What are the different types or forms of metaphor? Can you provide some examples?

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mwestwood | College Teacher | (Level 3) Distinguished Educator

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While this literary device is used by many a writer, metaphor is one of the most useful literary tools of poets, to be sure. Certainly, many poems contain a controlling metaphor that significantly conveys its meaning. The identification of this controlling metaphor is what helps the reader/listener "break the code" of the poem. In Wallace Stevens "Sunday Morning," for example, the unstated comparison of Jove with Christ juxtaposes the love of nature with the practice of Christianity. In the poem "The Road Not Taken" by Robert Frost the controlling metaphor about making choices has meaning that deepens throughout the poem. 

In figurative writing metaphors may be in one of four forms. According to Perrine's Literature: Structure, Sound, & Sense, these forms are as follows:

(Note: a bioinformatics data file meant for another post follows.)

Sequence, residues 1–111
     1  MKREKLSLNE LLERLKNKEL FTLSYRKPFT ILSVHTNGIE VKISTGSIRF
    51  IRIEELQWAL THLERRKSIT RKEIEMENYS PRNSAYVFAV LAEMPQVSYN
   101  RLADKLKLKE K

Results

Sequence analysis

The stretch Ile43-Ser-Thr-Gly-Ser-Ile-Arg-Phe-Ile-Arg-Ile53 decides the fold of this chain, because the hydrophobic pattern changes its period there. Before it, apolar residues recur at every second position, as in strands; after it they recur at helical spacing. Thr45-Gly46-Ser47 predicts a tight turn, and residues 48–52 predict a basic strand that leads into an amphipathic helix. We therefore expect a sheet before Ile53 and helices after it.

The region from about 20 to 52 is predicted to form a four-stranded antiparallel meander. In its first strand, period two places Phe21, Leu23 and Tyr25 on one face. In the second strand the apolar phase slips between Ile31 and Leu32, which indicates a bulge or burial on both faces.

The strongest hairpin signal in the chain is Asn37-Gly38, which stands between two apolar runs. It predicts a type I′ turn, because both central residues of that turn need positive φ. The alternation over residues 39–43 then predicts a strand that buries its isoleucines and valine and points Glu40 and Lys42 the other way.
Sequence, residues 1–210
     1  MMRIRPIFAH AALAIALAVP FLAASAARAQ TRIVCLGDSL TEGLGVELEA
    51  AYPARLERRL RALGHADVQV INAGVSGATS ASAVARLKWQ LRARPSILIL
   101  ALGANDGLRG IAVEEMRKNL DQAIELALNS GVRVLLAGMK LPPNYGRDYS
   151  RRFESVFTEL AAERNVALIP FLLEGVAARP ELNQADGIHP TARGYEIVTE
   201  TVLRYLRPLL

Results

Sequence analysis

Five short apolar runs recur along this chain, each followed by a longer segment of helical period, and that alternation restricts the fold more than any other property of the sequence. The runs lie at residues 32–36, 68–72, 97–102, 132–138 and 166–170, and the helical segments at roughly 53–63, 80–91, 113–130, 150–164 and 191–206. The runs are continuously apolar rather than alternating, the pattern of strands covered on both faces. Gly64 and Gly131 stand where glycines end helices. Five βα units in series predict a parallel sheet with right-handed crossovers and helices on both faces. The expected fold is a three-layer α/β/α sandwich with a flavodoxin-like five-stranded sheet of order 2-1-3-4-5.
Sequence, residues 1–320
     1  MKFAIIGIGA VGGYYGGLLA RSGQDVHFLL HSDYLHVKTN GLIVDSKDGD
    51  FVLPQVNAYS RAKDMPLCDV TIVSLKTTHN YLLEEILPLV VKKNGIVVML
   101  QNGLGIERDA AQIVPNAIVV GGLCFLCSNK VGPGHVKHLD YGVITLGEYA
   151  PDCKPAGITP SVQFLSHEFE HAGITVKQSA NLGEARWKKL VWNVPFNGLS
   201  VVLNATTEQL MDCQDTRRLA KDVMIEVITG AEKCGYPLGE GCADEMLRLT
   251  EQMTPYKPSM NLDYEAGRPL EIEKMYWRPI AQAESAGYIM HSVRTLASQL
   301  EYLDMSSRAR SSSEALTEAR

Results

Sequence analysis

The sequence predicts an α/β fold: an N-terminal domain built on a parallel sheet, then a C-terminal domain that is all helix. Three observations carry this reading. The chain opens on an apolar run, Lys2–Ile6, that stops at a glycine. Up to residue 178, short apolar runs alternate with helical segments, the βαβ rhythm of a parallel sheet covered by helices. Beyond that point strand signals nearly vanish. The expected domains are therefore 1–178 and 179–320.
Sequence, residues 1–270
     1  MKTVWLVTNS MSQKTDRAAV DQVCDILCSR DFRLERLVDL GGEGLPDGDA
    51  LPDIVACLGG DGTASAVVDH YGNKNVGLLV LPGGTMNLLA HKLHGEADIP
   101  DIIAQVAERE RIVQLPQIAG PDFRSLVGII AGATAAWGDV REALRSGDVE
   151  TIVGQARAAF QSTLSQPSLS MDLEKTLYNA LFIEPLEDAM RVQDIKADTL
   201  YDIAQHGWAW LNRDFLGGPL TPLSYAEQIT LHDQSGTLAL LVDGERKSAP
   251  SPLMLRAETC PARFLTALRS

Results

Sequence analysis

1. In this form of metaphor, as in simile, both the literal and figurative terms are named, e.g. "the milk of human kindness."

2. In this form of metaphor, the literal term is named, but the figurative term is implied. e.g. In Langston Hughes's poem, "Harlem," the question is asked, "What happens to a dream deferred?" Here, the literal term is mentioned. But, the figurative term to which "dream" is compared, bomb, is only implied in the last line, "Or does it explode?"

3. In this form of metaphor, the literal term is implied, but the figurative term is named. e.g. In Emily Dickinson's poem, "It Sifts from Leaden Sieves," in the line "It fills with Alabaster Wool," the figurative term is named: "Alabaster Wool." But, the literal term is implied in "It" (snow).

4. In this form of metaphor, the literal term is implied, and the figurative term is also implied. e.g. Emily Dickinson's poem, "It Sifts from Leaden Sieves," the literal term is only referred to as "It." But, as the reader continues through the poem, he/she infers that "it" is snow, which is never named. 

It makes an Even Face
Of Mountain, and of Plain--

The figurative term is also implied. In line one, for instance, "It sifts from Leaden Sieves," Leaden Sieves is the figurative term for clouds. 

Source: Arp, Thomas R. and Johnson, Greg. Perrine's Literature: Structure, Sound and Sense. Boston: Wadsworth Cengage Learning, 2009. Print.

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